The human cost of poor mental health is enormous and impacts significantly the lives of the individuals concerned and those who care for them. There is also the ultimate cost, in loss of life through suicide. Our research and analysis found that 300,000 people with long term mental health problems lose their jobs each year, significantly higher than the rates for physical health conditions. There is, additionally, a huge economic cost. An Independent Study the Reviewers commissioned from Deloitte found that poor mental health costs employers between £33 and £42 billion a year. These costs are made up of absenteeism, presenteeism and staff turnover.
Building on the green shoots – the case for optimism
Despite the substantive human and financial costs our research also showed grounds for optimism. Where investments have been made in improving mental health in the workplace, a consistently positive return on investment can be demonstrated. We have established a clear business case to encourage employers to prioritise workplace mental health and our mental health standards make this simple for all employers. Throughout the Review we identify numerous examples of employers who are taking positive and innovative steps to support the mental health of their employees.
What works, measurement and cross sector approach
Two things employers consistently told us was that they wanted to take action but didn’t know what to do, or what worked with regards to improving workplace mental health.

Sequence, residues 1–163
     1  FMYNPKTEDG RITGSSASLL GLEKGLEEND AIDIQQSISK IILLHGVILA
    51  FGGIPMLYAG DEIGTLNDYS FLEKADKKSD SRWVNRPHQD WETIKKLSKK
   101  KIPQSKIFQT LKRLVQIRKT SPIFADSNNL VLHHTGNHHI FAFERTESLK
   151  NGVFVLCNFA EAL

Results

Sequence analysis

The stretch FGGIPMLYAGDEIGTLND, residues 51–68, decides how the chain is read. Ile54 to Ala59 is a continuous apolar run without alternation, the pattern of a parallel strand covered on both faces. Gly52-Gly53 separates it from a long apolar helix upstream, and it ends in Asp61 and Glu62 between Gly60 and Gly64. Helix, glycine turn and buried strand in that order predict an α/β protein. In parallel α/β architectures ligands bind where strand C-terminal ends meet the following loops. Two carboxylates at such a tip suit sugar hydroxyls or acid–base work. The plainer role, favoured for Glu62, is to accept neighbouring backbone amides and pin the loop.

Whilst our research and Deloitte’s work surfaced examples of mental health interventions with a positive return on investment, in many cases this evidence was international and it became clear that there is a lack of a comprehensive evidence base in this space. Of course there is growing evidence around what works for wellbeing and we know what looks promising, but in order to drive forward change and achieve our vision, we need to test and trial, based on the mental health standards, and develop a greater understanding of what interventions and initiatives work. This will involve improved evaluation and collaboration across all sectors, with clear reporting on what does and doesn’t work and sharing of best practice. It also requires the development of more consistent measurement tools, where we could think about measures for productivity which are intrinsically linked to employee’s mental health and wellbeing.
We have further recommended that Government streamline research and activity relating to workplace mental health to drive evidence building and innovation. To drive and maintain support, the Reviewers recommended that government invite leaders from variety of cross sector organisations to join a leadership council to maintain momentum, encourage evaluation and measurement of workplace interventions.
We have the opportunity going forward to become world leaders in workplace mental health. This should be a priority for organisations across all sectors in the UK. We need the right leadership amongst employers in the public private and voluntary sectors and a consistent culture of sharing information and measurement and evaluation so that together we can build on the evidence base and support all employees, including those with mental health problems, to thrive at work.
Read more about what works for wellbeing at work
If you want to find out more about the links between wellbeing and unemployment, job quality, learning at work, team working – and more, take a look at the online briefings.